Saints were and still are those who profess faith in the living God and in these days his Son, the Lord Jesus Christ. They were not required to do miracles or great and notable deeds; they were simply believers. None of them were canonized and if there were a need to canonize them, the Vatican would be involved in that work night and day until the end of time because the bible says they number in the millions.

Catholic doctrine, which is in hundreds of ways contrary to the scriptural message, cannot account for this misuse of ecclesiastical power and aberration of clear scriptural teaching, but that’s not the worst of it.

If only a profession of faith in Christ is what makes a saint according to the Bible, then each person that said yes when Mercer asked them if they were a Christian is a saint. That being so – consider this:

“Precious in the sight of the Lord is the death of his saints.” (Ps 116: 15)

What was the impetus or the inspiration for Mercer to become a mass murderer?

ISIS: With a generation long effort to remove all consciousness of God from our youth, there is little reason to wonder why our little darlings actually try to sign on to fight with ISIS. They don’t see many Americans willing to die for their faith (until lately) but they can recognize the intensity of those who are willing to kill for theirs.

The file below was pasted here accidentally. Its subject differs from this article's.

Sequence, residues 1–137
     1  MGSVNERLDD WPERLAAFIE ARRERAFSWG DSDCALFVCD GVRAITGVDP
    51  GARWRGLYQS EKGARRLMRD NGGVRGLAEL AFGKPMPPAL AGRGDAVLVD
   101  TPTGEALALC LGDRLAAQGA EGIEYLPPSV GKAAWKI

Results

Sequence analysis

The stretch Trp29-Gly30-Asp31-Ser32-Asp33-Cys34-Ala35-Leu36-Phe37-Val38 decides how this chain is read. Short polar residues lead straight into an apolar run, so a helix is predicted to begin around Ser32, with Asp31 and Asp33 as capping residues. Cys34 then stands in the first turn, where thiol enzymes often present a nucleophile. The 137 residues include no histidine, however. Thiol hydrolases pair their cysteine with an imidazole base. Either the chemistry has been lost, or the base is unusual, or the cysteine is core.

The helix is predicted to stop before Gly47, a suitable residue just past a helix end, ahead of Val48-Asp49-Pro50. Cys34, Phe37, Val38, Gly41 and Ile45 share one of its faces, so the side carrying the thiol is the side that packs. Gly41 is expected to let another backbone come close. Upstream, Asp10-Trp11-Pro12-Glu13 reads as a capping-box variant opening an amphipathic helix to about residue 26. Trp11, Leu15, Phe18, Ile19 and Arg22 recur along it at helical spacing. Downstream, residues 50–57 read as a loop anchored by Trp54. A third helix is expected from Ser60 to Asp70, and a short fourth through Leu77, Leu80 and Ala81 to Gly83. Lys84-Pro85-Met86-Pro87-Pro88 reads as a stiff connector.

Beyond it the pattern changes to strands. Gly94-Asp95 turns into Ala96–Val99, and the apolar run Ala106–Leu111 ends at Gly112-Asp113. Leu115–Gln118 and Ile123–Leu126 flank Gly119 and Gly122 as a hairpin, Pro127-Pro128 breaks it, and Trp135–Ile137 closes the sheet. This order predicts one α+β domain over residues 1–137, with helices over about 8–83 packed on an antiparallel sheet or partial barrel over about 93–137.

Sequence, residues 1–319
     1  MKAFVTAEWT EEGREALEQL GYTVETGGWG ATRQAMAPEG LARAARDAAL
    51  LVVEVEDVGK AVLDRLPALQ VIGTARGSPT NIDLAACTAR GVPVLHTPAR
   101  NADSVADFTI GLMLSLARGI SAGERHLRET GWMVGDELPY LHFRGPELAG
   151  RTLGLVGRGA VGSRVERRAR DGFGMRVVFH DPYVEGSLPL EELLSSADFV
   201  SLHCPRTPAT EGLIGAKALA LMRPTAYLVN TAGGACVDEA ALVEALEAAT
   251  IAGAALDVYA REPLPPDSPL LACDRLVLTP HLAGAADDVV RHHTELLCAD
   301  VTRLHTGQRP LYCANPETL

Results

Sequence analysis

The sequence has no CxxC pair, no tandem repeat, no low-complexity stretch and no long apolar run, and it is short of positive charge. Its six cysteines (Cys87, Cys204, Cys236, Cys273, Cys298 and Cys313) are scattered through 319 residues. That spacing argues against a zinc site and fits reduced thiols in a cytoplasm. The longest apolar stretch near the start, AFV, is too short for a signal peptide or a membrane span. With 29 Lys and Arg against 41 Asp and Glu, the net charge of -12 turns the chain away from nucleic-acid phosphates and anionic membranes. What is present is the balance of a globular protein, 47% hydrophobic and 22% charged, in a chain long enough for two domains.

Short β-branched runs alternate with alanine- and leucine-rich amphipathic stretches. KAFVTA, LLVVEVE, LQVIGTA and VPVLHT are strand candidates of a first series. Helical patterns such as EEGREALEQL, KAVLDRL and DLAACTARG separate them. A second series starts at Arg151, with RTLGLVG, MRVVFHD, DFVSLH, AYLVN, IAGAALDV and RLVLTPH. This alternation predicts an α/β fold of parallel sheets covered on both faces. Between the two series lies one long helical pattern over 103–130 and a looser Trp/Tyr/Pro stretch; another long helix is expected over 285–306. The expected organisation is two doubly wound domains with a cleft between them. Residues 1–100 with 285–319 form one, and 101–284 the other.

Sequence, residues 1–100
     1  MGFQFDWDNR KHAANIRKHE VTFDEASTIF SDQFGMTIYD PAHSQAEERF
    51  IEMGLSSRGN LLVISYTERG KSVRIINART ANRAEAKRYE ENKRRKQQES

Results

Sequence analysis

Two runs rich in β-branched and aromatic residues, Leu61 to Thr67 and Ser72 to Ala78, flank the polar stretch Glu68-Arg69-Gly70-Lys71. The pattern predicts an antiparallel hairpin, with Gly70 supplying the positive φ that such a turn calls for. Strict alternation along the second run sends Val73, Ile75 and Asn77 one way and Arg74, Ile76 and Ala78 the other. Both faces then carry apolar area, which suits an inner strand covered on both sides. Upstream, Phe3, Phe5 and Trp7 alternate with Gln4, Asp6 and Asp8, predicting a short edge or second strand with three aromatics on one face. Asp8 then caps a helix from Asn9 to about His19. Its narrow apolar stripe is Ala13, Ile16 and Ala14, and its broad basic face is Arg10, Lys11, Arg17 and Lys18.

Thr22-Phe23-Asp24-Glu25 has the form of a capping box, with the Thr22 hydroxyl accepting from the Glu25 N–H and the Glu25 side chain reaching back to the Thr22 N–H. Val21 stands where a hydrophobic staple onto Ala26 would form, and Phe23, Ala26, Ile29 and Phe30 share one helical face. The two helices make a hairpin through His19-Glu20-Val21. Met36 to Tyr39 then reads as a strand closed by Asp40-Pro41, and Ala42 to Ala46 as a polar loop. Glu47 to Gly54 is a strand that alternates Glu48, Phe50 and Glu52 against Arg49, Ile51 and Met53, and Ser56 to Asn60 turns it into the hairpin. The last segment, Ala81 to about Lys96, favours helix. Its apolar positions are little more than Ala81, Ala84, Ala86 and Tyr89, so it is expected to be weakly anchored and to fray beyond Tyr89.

Perhaps we could blame ISIS for showing us how they systematically slaughter Christians, which would make the U.S. media equally complicit for showing us the carnage.

Might Mercer have been inspired by the radical, Godless and love-less images of ISIS killing Christians? That possibility cannot be ruled out.

Satan:  In the bible, Satan is called the destroyer, the deceiver and the hater of both God and his people. One lesser known, but perfectly appropriate appellation, that is often overlooked, is the “murderer.” (Jn 8: 44)

He has murdered millions of believers over the centuries, and as the last day’s approach, Scripture says he has many more on his hit list.

Here we must introduce the aspect of demon possession. It is far more common than we think. According to Scripture, millions will be subject to the sway of Satan’s murderous minions before the re-entrance of Christ into the history of our world.